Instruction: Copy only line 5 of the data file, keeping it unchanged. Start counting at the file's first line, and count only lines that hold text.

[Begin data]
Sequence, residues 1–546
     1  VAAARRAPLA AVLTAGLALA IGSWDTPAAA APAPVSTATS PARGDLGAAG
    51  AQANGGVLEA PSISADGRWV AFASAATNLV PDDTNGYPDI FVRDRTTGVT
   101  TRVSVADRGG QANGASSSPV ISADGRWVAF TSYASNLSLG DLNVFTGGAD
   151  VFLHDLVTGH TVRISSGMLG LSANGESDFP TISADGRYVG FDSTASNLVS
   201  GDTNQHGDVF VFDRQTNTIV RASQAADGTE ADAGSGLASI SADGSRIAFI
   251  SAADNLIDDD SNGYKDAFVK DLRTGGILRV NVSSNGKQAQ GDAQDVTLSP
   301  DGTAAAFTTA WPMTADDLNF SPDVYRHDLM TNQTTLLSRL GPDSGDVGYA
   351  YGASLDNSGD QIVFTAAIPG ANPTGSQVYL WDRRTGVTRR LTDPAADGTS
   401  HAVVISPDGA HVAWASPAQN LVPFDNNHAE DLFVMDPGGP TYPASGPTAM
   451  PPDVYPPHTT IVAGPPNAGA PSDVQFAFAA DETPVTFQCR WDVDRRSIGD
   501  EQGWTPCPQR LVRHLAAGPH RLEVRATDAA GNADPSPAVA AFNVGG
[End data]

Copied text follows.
   151  VFLHDLVTGH TVRISSGMLG LSANGESDFP TISADGRYVG FDSTASNLVS